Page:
Among the eight zillion products here at the Consumer Electronics Show (CES) in Las Vegas are some new iterations of the ultramobile PC (UMPC), devices the size of a paperback book that have touchscreens and run Windows Vista.

I didn't see 'em all, but I did check out Toshiba's technology preview of a UMPC it's working on. What Toshiba is showing is an early rough draft; the company won't say when the device might go on sale, and the demo shows one being powered by a fuel cell, something that's not going to happen any time in the short-term future.

The Toshiba UMPC packs a number of advanced input technologies, including motion sensors that let you scroll around by tilting the entire device around. The company is working on unique finishes that could make it better-looking than any UMPC before it. All in all, it's an impressive piece of next-generation technology.

And yet it looks like it'll be just as crippled as all its predecessors, because the whole UMPC concept is based on a fundamentally bad idea: putting a full-blown copy of Windows on a device with an undersized screen and no keyboard.

The Windows Vista user interface was designed to make sense on PCs with large displays and lots of pixels. On the Toshiba, text is barely legible, and the icons in the System Tray were so small I couldn't figure out what they were, period.

Like other UMPC companies, Toshiba has incorporated workarounds to deal with this, like a mode that magnifies part of the screen so you can actually read URLs as you input them into Internet Explorer. But that's inherently kludgy - shouldn't the default type size on a portable computing device be large enough to read?

The situation is similar with input. The Toshiba has the aforementioned motion sensors, several buttons for performing mouse-like manoeuvres, a mode that puts a virtual touchpad on the screen, and an onscreen keyboard that's broken into sections on each side of the screen.

Most of which merely compensate for the fact that Windows Vista is designed to use a mouse and full qwerty keyboard - items which UMPCs don't have room for. I've never seen a UMPC which rethought how you interact with a small computer from the ground up, rather than trying to work around Windows' deskbound origins.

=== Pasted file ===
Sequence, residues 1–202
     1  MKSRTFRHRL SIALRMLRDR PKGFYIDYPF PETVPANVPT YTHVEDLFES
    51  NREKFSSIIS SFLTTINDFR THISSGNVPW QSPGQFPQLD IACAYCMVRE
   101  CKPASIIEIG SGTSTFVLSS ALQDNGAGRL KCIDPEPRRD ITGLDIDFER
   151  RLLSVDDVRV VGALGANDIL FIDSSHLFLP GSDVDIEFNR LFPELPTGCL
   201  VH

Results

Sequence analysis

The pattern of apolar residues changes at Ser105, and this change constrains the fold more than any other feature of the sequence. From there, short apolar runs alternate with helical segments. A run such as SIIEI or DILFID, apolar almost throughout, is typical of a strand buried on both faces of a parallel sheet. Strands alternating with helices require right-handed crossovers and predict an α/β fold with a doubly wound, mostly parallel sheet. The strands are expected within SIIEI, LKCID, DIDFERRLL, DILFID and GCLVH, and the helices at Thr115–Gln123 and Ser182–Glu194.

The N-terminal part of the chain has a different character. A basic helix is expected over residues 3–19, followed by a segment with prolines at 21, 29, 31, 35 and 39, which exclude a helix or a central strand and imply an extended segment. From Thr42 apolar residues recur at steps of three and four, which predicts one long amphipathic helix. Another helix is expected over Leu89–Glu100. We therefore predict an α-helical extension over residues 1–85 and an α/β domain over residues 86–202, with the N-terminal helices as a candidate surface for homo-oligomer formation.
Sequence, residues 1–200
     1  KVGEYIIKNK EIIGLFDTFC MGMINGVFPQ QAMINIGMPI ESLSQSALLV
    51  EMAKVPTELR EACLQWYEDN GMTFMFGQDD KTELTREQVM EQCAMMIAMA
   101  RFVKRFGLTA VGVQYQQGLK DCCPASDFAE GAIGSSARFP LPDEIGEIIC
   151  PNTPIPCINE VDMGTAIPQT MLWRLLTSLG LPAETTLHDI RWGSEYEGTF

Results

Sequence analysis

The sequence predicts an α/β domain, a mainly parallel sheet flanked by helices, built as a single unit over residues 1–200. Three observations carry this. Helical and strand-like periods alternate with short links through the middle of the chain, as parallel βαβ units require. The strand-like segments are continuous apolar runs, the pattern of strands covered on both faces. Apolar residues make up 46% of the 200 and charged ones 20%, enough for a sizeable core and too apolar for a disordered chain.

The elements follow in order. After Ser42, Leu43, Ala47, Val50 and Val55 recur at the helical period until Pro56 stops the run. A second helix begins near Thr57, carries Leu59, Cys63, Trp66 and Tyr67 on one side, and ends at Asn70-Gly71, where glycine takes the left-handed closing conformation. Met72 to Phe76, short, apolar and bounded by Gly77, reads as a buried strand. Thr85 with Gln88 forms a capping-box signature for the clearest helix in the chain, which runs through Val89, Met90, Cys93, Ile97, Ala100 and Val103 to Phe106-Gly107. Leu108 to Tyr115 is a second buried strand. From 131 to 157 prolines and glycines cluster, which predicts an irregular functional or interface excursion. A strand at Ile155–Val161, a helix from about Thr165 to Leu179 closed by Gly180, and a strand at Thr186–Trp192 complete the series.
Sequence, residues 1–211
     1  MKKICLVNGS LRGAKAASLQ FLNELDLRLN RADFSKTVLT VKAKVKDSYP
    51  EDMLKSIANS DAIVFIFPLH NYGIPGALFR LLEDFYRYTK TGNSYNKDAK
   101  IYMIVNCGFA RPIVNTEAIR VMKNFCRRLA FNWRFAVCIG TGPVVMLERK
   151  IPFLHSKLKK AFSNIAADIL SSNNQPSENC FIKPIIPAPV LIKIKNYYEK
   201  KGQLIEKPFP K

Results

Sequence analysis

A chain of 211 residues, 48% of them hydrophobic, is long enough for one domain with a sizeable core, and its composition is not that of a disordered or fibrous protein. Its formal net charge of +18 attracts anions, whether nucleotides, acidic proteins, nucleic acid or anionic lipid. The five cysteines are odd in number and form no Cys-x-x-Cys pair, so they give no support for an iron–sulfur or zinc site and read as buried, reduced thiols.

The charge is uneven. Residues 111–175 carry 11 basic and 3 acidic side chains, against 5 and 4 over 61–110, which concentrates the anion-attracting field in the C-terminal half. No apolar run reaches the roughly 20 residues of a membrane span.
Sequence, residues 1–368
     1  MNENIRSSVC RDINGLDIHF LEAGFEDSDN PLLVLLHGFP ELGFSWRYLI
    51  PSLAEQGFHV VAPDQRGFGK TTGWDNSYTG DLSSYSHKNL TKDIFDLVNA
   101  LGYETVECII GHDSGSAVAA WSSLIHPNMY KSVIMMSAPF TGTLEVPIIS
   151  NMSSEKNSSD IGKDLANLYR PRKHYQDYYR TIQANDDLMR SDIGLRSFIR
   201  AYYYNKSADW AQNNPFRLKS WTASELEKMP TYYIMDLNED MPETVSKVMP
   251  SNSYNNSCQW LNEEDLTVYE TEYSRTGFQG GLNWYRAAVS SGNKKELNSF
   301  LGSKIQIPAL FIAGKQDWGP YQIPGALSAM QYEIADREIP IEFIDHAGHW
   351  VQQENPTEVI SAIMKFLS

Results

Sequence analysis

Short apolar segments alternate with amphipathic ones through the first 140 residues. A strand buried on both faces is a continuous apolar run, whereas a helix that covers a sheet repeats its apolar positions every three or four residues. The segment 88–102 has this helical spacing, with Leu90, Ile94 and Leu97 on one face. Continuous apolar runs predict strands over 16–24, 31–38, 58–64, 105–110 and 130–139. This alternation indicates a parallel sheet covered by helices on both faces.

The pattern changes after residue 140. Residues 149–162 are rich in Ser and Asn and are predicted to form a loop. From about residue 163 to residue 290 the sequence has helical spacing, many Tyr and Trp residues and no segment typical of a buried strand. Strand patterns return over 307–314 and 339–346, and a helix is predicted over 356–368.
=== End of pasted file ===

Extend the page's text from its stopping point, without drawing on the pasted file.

As I got a demo of Toshiba's prototype, it dawned on me that one company has managed to make an UMPC that leapfrogs past all the ungainliness of all the other ones on that market.

NEXT PAGE: the iPhone. Now that's what I call mobile computing > >

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Among the eight zillion products here at the Consumer Electronics Show (CES) in Las Vegas are some new iterations of the ultramobile PC (UMPC), devices the size of a paperback book that have touchscreens and run Windows Vista.

No, I'm not talking about OQO or FlipStart - I'm thinking of Apple and the iPhone. The iPhone is pocket-sized, which makes it infinitely more portable than the not-quite-pocket-sized UMPCs out there. The multitouch user interface is different from and better than the pseduomouse features on UMPCs. The iPhone's menus make everything legible. The onscreen keyboard is far from perfect, but I haven't seen a UMPC that does qwerty better.

Of course, UMPC supporters might bring up one seeming point in that platform's favour compared to the iPhone: UMPCs run full Vista and can therefore run just about any Windows application, while the iPhone's simplified version of OS X isn't compatible with Mac apps, and Apple is only now getting around to letting third-party developers write iPhone programs at all.

But it seems to me that the manifold compromises and limitations of the UMPC largely negate the value of full Windows compatibility. UMPCs can run a lot of software, but it can't run it very well at all.

That's why I'm not optimistic about the future of the UMPC platform-but am intrigued by the upcoming Windows Mobile 7.0, which, if this post at InsideMicrosoft has its facts straight, will go a lot further towards rethinking Windows for small devices. And I suspect that both the iPhone and Windows Mobile will flourish long after the UMPC quietly vanishes from the market...